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Weather Questions tagged “rain”(remove tag filter)
Question: Can you tell me the daily rainfall amounts in Roxboro from 10/5 to 10/10/16? — Linda Ward
Answer: We looked that up using the "Daily Data Listing" feature of the Applied Climate Information System web site at xmacis.rcc-acis.org/ - you can check such information for Roxboro and many other sites around the region and nationally. In your case, the rainfall reported for Roxboro on those days was, in order from 5-10 Oct, 0, 0, .21, 1.07, 3.53 and 0 inches. Of course, precipitation can vary notably over short distances. You might want to also check daily archived contours of precipitation amount based on gauge-adjusted radar estimates, at water.weather.gov/precip/.
Oct. 28, 2016 | Tags: cool sites, past weather, rain
Question: Could you please tell me how much rainfall there was in Spring Lake from the hurricane? — Diane
Answer: We couldn't find a specific gauge report from Spring Lake, but did turn up several sites nearby that showed a range of rainfall totals from the hurricane, together with the frontal boundary that brought some light rain the day before it arrived, that ranged from around 9 inches to as much as almost 15. Some examples include 8.6 inches at Pope Field, 9.8 inches at Simmons AAF, 10.7 and 14.7 inches at volunteer observer sites just southwest and just north of Fayetteville, and 14.9 inches at the Fayetteville airport. Anyone who'd like to check totals at other locations can find reports from official airport sensors through the "Almanac" page on our web site by using the "get historical data" function and then changing from the default RDU location to other sites, and you can also find numerous reports from the volunteer network called the Community Collaborative Rain, Hail and Snow network (CoCoRaHS) at www.cocorahs.org.
Oct. 21, 2016 | Tags: hurricanes, past weather, rain
Question: I placed a five gallon sheetrock bucket in the back yard in a open place Friday evening as Matthew approached and accumulated 10.25 inches of rain. Would that be an accurate measurement? — Bruce
Answer: That seems like a reasonably good measurement, assuming the bucket has a flat bottom and the sides are vertical (perpendicular to the bottom). It's also important that the bucket was sitting level and was not in an area where it would be affected by nearby trees or buildings that can affect the reading, by either blocking some of the rain, or by concentrating rain that runs off the side of a roof or some branches of a tree, etc). You did note an "open area," and your number does run pretty close to other radar and gauge estimates from nearby locations.
Oct. 20, 2016 | Tags: hurricanes, instruments, rain
Question: Often, there is a significant delay between the intense part of a heavy storm like Matthew and the onset of the worst flooding. I believe this was true of Katrina. What accounts for the fact that flooding can be at its most severe long after the rain has stopped? — Jay Exum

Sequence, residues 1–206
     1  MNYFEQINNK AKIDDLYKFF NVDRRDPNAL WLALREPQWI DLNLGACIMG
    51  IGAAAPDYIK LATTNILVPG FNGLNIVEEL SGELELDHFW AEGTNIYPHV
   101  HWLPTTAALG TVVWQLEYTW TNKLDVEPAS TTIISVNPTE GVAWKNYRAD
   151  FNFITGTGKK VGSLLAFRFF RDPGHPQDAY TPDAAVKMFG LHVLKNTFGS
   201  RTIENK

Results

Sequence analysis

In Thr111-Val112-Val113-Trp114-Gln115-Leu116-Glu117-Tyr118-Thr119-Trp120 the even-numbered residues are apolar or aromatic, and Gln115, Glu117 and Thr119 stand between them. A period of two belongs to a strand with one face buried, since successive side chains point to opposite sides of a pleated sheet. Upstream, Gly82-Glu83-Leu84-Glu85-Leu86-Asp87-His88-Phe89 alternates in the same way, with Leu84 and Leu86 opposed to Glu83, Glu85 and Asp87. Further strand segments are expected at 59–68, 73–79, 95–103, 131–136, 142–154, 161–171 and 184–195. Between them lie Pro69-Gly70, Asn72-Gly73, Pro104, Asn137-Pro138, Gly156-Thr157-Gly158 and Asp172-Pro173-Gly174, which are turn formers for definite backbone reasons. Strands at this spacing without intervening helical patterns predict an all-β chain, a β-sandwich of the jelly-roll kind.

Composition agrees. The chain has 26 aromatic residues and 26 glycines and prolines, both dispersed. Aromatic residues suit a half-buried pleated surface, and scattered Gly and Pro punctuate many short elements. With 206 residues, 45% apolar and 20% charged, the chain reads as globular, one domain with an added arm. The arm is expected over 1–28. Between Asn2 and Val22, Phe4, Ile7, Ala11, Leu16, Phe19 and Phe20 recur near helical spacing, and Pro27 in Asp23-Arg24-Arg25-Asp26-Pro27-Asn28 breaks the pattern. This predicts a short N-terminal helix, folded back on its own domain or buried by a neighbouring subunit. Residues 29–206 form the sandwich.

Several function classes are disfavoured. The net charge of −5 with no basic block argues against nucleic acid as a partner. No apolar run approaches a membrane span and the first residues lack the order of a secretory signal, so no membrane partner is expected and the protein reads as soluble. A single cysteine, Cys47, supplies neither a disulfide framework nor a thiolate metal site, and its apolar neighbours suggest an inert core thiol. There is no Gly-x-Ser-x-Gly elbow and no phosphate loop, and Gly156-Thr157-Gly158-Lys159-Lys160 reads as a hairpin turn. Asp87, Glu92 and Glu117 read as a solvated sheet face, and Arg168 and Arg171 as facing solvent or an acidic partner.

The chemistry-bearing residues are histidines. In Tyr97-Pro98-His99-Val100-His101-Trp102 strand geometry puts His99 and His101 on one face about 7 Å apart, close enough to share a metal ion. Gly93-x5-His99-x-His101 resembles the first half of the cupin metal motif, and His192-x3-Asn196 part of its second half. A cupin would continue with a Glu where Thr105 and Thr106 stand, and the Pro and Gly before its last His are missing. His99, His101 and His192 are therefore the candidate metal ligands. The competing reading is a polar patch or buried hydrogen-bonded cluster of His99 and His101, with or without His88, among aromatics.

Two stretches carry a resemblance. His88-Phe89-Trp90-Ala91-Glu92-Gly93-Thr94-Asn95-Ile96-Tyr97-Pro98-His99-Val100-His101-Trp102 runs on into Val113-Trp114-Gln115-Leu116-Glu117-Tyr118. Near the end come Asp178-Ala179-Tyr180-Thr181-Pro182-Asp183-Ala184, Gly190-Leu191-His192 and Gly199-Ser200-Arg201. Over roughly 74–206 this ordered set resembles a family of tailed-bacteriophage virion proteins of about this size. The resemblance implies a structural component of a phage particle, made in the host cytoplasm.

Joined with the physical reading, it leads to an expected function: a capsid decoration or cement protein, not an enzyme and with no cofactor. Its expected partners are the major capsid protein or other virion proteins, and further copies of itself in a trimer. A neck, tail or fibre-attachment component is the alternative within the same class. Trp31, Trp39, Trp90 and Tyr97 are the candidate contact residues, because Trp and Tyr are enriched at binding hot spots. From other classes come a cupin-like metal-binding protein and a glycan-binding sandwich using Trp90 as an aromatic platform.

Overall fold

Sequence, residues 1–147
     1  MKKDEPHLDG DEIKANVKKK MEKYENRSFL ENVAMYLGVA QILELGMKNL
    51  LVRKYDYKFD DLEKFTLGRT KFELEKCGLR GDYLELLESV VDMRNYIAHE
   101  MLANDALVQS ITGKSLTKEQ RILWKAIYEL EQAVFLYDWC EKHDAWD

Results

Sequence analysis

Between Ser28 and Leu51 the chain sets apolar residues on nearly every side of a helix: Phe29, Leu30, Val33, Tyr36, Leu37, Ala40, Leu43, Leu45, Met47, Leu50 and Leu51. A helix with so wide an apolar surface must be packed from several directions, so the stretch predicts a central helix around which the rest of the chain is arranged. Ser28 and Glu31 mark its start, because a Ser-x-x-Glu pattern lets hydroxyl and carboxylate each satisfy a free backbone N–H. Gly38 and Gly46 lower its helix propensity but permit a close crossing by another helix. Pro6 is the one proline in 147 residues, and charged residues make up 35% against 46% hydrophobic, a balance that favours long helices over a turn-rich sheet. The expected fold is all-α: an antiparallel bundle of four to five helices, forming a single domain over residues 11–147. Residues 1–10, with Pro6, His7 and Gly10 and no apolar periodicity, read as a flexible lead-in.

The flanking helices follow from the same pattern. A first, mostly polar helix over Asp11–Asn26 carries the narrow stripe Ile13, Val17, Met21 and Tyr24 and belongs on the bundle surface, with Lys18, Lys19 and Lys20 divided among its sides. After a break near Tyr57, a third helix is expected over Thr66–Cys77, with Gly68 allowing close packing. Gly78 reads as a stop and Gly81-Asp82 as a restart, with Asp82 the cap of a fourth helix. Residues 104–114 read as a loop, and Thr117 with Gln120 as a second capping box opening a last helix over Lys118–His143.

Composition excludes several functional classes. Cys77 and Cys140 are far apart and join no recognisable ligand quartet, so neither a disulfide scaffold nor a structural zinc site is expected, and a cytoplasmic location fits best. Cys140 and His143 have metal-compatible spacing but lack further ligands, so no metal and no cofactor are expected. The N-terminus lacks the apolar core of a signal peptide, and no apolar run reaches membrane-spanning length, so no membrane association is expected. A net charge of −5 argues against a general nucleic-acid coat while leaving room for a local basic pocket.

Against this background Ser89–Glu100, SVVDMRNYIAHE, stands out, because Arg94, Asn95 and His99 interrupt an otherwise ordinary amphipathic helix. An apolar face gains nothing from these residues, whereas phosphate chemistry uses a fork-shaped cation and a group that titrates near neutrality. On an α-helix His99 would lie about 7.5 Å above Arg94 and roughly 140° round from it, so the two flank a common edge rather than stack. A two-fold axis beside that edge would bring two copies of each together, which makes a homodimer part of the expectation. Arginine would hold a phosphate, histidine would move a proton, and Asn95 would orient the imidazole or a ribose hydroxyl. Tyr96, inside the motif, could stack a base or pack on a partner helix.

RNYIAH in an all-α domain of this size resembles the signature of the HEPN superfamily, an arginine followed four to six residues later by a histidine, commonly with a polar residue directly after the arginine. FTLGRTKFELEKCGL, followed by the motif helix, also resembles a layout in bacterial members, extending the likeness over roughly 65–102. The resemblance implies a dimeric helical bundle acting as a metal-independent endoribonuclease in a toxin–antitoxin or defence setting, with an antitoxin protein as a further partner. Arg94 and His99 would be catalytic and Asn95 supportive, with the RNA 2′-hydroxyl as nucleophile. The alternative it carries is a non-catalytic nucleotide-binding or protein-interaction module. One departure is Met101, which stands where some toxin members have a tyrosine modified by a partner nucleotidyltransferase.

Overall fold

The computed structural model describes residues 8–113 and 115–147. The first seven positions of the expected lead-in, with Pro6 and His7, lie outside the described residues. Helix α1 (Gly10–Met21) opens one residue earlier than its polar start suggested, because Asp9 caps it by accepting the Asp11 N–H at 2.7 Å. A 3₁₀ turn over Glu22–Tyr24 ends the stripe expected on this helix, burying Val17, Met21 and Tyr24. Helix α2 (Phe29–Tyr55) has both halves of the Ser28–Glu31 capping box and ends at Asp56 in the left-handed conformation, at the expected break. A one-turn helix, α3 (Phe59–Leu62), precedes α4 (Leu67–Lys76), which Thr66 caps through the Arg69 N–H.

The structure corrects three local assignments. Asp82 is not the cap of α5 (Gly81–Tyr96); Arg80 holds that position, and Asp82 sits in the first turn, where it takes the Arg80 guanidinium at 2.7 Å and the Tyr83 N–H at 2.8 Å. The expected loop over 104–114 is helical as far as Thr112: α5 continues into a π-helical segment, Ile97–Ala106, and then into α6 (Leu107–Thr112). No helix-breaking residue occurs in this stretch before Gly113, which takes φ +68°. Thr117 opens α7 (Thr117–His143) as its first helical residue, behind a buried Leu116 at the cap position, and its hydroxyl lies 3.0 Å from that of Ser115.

Answer: Two types of flooding that can somewhat overlap but can also be rather distinct can occur with situations like we saw with Matthew's passage, and as you mentioned, in Katrina back in 2005. In that storm, a number of levees and large pumps in the New Orleans area initially held up to the heavy rains and high winds associated with the storm, but eventually failed and allowed very substantial flooding to develop rapidly on a delayed basis.
In our area with Matthew, the very heavy and sustained downpours that occurred later Friday night into Saturday evening resulted in many initial reports of flash flooding as small creeks and streams quickly filled up and overflowed, and many drainage systems in urban or semi-urban areas simply could not keep up with the rapid runoff, especially where debris from gusty winds clogged entry points. In the longer term, the water that fell onto larger watersheds gradually collects from all of those small streams to larger tributaries, some running off across the surface, some soaking into the ground but still flowing slowly toward those streams, and eventually emptying into main stem rivers like the Tar, Neuse, Cape Fear and Roanoke, along with some smaller rivers within those watershed basins. This process gradually concentrates water from a very large area into much smaller ones in a slow surge that travels down those drainage basins toward the coast, and can result in days of elevated water levels at locations successively downstream. Hence, we've seen increasing flood problems on a delay of a couple of days in places like Rocky Mount, Tarboro and Greenville along the Tar River; Smithfield, Goldsboro and Kinston along the Neuse; and Lumberton along the Lumber, among a number of other locations and waterways, some of these requiring evacuations and rescues by means of high-clearance vehicles, boats or helicopters.